Namrata Kundu
KIIT University

Biopiracy as the name suggests is the unauthorized use or reproduction of other’s work. It can be defined as the exploitation of biological or genetic material as medicinal extracts without giving any credit to the indigenous people or country from which the knowledge is obtained. In India, there is no specific law that can protect our traditional knowledge. However, the provisions of Intellectual Property Law can cater to the protection of our biodiversity and genetic resources. There are many laws that are protecting our indigenous knowledge for instance the patents act 1970 as amended by the patents second amendment act 2002 provides that the applicant must disclose the source and geographical origin of any biological material. Under section 3 (p) of the act, an invention that has amalgamation or duplication of known properties of traditionally known components cannot be patented. The law that is more relevant for the protection of Traditional Knowledge, is the Geographical Indications of Goods (Registration and Protection) Act, 1999 which aims at registration and better protection of geographical indications relating to goods.

The main objective of the law is to prevent unauthorized persons from misusing geographical indications. This can be explained by taking the example of the Neem Controversy. In 1994, the European Patent Office (EPO) granted a process patent to the US Corporation WR Grace and the US Department of Agriculture USDA over a method for controlling fungi on plants by the aid of a hydrophobic extract of Neem oil. This patent was challenged by a group of non-government organization (NGO) in India and the European Union in 1995. They submitted evidence to the effect that the fungicidal effects of Neem seed extracts were known to and used by agriculturalists all over India and further claimed the invention did not fulfil the criteria of novelty or inventive step. After reviewing the evidence submitted by the NGO’s the EPO panel accepted that neem had been used in India for many years. Finally, on 30th September 1997, the European Patent Office (EPO) delivered a favorable judgement. There are many other controversies of traditional knowledge that needs protection from being biopirated some include The Turmeric Controversy, Hoodia Cactus Controversy, The Basmati Case and so on. In order to protect our country or as such any other country’s Traditional Knowledge effectively, and to put an end to Biopiracy. The following measures can be taken care of.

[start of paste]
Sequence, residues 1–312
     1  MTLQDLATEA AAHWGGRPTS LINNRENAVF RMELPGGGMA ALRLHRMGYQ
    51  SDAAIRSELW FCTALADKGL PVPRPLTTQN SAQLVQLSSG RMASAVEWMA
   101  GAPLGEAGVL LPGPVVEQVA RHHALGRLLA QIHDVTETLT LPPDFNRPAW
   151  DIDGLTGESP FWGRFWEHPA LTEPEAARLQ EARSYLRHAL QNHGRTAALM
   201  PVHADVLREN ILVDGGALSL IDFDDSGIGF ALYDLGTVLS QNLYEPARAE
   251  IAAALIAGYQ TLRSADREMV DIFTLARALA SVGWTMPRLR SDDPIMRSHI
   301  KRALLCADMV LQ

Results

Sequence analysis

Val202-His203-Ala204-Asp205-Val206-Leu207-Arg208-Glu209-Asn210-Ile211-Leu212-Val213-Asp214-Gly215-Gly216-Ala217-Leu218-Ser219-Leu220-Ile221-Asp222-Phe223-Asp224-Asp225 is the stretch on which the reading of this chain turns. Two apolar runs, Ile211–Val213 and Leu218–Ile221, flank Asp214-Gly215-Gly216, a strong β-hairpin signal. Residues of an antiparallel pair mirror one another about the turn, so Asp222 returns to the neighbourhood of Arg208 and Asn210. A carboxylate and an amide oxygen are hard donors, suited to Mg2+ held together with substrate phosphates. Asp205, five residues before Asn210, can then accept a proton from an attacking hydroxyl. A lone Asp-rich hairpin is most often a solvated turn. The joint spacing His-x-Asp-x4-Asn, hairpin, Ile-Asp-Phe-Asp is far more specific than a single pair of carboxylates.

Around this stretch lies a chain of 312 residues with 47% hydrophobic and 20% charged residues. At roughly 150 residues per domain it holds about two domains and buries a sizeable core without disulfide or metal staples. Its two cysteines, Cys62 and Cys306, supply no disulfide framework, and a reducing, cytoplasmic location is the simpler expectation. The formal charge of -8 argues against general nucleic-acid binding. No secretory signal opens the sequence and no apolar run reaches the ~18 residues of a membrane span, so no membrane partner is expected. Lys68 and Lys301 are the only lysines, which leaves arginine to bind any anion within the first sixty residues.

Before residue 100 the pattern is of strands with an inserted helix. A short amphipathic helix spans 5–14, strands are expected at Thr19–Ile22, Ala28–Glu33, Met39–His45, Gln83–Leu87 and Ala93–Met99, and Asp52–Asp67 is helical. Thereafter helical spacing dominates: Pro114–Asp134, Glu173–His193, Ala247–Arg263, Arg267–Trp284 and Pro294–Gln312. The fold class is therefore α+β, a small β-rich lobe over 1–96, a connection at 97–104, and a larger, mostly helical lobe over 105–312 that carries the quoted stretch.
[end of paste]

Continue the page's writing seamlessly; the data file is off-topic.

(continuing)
1. As mentioned above, in India there is no specific law that protects the indigenous knowledge from being pirated. Therefore, there should be a law that can address the rights of the indigenous community over their traditional knowledge.
2. A proper database can be made where all kinds of existing traditional knowledge are available so that at the time of filing a patent it can be ascertained that there is no prior work done with that existing knowledge.
3. A proper awareness campaign on the value of traditional knowledge needs to be done starting from the grassroot- level.
4. By encouraging the use of traditional knowledge-based innovations and by commercializing it we can secure our traditional knowledge.
5. The government needs to work in collaboration with non-governmental organizations (NGO) to take traditional knowledge forward.

Here’s a photograph of a 49 feet- tall Neem Tree that grew near my place. It has been a savior during these tough times. As shops were closed amid the pandemic-induced lockdown, it was difficult to buy cosmetics. After a brief research, I was able to use every part of the tree for my healthcare regime. I use it in my face pack, hair oil, cuisines, dental healthcare, and mosquito repellant. In Sanskrit, the neem tree is called as Arista which means perfect, complete and imperishable. It has antiseptic, antiviral, antipyretic, anti-inflammatory, antiulcer and antifungal properties.

At a time when ‘vocal for local’ is the talk of the town, we should think of ways to commercialize our indigenous knowledge. The fact here is, if we do not stand for our traditional knowledge, who will?

Reference (Aug-20-A9)

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